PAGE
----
What the IPL has done is bring about a disjunct between what administrators think is best for the game and what players think is best for themselves. What is best for the game is for the top players in the world to continue to play the highest form of the game - regular international test cricket. What is (now) best for the players is to take 47 weeks off, play sixteen games that last three hours each, and make more money than the boards themselves can offer. If you could vacation with your wife and kids for more than half the year, put your feet up and read newspapers for 4 months, and actually play less-than-taxing cricket for one month, wouldn't you do it? What sane individual would turn down that set of benefits and costs?
What these incentives now mean is that players will walk away from the international game at younger and younger ages. With the cramped international calender, the increasing dreariness of international cricket, the travel, the insane media, the airports, the long time spent away from family, the incessant bullshit of boards like those of West Indies and Pakistan, and everything else that goes with playing international cricket, why would you take it? Adam Gilchrist is the prototypical example of this phenomenon. He didn't walk away from the game because he wasn't good any longer, or he wasn't the best keeper-batsman in the world, let alone Australia. He walked away because he got a Godfather deal - an offer he couldn't refuse.
In many ways, the IPL has brought about a perverse reversal of the average cricketers' career. Most begin in domestic cricket, and attempt to make a name for themselves so they can play at the international level. Now cricketers will want to make a name for themselves at international level so that they appear more attractive to domestic leagues. And yes, I said leagues, not league, because if you don't think a bunch of Australian and English businessmen are looking at what's happening in India right now and wondering why they don't get a piece of the action, you're a tad naive and need to get your Greg Mankiw on.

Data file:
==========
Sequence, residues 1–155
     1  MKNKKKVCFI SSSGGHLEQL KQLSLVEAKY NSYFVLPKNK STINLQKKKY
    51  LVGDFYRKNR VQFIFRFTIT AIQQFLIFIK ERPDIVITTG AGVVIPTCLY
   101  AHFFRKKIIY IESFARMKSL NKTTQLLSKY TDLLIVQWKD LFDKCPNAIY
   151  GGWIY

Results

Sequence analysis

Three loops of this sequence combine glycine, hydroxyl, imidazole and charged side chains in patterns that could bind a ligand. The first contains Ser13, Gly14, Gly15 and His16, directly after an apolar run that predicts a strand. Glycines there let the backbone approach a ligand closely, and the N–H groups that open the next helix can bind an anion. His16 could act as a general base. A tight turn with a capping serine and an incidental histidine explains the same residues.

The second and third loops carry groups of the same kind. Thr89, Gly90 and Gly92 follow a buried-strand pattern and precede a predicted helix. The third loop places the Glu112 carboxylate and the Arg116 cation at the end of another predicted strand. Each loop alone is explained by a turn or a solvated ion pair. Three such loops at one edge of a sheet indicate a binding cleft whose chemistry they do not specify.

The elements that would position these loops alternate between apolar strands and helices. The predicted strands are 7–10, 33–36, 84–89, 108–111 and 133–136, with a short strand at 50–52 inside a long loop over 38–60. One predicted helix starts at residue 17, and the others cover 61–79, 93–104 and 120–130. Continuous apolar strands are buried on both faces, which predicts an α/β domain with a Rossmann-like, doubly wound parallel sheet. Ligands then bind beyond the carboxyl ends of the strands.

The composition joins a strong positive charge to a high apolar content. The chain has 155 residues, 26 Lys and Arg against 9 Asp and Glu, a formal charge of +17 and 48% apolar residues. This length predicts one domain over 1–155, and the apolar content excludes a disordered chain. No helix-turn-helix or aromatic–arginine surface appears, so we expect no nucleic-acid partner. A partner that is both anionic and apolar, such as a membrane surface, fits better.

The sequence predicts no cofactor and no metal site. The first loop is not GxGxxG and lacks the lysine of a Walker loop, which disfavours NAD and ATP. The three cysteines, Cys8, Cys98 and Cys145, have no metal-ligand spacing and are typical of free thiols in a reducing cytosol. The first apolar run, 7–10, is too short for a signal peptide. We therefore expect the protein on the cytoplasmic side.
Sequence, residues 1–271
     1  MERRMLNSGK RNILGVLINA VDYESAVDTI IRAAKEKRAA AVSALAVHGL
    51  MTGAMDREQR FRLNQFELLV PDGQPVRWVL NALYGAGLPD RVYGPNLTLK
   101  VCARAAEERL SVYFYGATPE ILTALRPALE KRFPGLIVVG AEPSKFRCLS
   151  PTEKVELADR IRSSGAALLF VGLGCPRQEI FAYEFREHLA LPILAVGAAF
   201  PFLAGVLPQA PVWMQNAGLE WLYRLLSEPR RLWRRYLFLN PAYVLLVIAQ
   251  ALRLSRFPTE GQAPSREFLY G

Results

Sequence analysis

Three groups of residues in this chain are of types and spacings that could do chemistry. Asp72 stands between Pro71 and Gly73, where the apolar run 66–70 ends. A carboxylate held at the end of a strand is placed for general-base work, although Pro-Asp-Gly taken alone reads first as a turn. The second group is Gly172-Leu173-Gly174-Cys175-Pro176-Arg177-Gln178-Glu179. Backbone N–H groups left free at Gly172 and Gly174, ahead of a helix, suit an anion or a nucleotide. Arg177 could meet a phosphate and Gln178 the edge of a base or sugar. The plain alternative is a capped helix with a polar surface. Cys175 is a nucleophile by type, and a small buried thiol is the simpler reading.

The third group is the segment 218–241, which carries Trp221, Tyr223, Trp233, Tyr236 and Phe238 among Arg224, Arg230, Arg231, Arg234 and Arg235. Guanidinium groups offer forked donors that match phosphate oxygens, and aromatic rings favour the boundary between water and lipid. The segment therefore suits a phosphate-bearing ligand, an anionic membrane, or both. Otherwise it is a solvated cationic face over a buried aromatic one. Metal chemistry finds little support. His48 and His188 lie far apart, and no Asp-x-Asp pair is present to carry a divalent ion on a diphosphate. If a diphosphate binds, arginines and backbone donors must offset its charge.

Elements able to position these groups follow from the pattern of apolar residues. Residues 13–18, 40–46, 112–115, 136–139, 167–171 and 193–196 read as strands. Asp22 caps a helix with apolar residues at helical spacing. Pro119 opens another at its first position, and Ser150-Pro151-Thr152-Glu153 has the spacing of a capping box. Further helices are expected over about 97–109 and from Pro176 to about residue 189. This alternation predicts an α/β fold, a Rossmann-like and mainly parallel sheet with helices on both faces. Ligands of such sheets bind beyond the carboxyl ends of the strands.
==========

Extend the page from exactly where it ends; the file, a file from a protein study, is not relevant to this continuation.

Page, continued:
It has also effectively knocked the ICL out of the Indian market. The only way for the ICL to survive will be to move away from India. As it stands, any player considering a permanent switch to domestic Twenty-20 cricket doesn't have a choice to make: the ICL and IPL share weather, geography, tax-rates, culture and everything else, except for one thing: salaries. The money question is one the ICL is destined to lose, because it is quasi-illegal and the IPL is legal. By way of illustration, consider the comparison between pharmaceutical companies and crack dealers. One is a set of legal drug dealers and the other is a set of illegal drug dealers. Which do you think is more profitable?
No, if the ICL stays in India, it will lose. Their best chance of survival is to move either to Dubai or the East Coast of the U.S. If it does so, players looking to sign up will at least have a decision to make. Yes, the IPL may offer a higher salary. But a different location brings a set of questions to answer: is location as important as money? Is weather? Marketing opporunities? My family's happiness? Note, I'm not saying I'd live in Dubai over Mumbai. But what I am saying is that it at least constitutes a decision, whereas matters as they stand now simply don't constitute a decision. Only those not good enough for the IPL or those looking to stick it to their board will play for the ICL - Imran Farhat, coincidentally, comes under both categories.
To return to where I began, one thing is for sure. Cricket - today's cricket - is an endangered species. Who can say for sure that we will continue to see top quality test cricket in twenty years' time? Who can say for sure that cricket won't become more like football, where the international format is a rare phenomenon, to be played three or four times a year and then once every four years in a mega-event? What are the chances of seeing, on a regular basis, Flintoff's spell to Gilchrist in '05 or Wasim's over to Dravid in '99? Lara carving double hundreds in a day or Yousuf playing cover drives like he doesn't want to hurt the ball?
This year is a watershed in our game's history. I am terrible at predictions, but I know that years from now, we will look back at these moments as cricket's 9/11 or partition of India. A seminal moment where everything was uncertain except the realization that a seminal moment had just occurred. And while I loathe rap with a passion, occasionally rappers are smart enough to come up with an astute observation on the human condition: